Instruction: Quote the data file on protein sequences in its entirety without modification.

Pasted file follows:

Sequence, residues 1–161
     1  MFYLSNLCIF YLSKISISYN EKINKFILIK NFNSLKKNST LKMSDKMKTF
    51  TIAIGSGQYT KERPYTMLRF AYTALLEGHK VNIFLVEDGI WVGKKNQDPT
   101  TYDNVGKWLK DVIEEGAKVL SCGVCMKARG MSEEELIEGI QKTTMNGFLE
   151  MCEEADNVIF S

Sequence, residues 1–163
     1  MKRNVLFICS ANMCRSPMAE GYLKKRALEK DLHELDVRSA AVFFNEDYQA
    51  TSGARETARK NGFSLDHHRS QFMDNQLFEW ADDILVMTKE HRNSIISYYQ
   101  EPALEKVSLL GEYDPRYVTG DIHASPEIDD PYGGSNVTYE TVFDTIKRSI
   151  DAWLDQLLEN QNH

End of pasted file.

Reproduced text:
Sequence, residues 1–161
     1  MFYLSNLCIF YLSKISISYN EKINKFILIK NFNSLKKNST LKMSDKMKTF
    51  TIAIGSGQYT KERPYTMLRF AYTALLEGHK VNIFLVEDGI WVGKKNQDPT
   101  TYDNVGKWLK DVIEEGAKVL SCGVCMKARG MSEEELIEGI QKTTMNGFLE
   151  MCEEADNVIF S

Sequence, residues 1–163
     1  MKRNVLFICS ANMCRSPMAE GYLKKRALEK DLHELDVRSA AVFFNEDYQA
    51  TSGARETARK NGFSLDHHRS QFMDNQLFEW ADDILVMTKE HRNSIISYYQ
   101  EPALEKVSLL GEYDPRYVTG DIHASPEIDD PYGGSNVTYE TVFDTIKRSI
   151  DAWLDQLLEN QNH